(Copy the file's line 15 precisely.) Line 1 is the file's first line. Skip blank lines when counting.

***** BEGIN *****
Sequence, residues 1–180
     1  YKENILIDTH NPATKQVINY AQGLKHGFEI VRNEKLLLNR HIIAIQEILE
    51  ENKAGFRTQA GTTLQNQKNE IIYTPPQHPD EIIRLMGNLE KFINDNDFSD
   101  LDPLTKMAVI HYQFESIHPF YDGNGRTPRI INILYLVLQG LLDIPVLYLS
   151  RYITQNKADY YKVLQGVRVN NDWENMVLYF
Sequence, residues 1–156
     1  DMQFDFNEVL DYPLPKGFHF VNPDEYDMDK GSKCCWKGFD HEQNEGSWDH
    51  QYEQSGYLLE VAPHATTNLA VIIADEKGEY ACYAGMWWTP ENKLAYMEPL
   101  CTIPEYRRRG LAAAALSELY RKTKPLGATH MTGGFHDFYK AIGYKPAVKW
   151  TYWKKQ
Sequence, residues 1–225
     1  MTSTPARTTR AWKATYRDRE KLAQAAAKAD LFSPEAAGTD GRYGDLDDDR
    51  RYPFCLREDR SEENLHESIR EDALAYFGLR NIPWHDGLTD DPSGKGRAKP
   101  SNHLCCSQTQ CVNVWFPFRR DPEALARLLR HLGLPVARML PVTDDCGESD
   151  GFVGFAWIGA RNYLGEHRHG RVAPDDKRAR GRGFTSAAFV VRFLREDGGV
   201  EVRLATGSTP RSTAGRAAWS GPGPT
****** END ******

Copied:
   151  GFVGFAWIGA RNYLGEHRHG RVAPDDKRAR GRGFTSAAFV VRFLREDGGV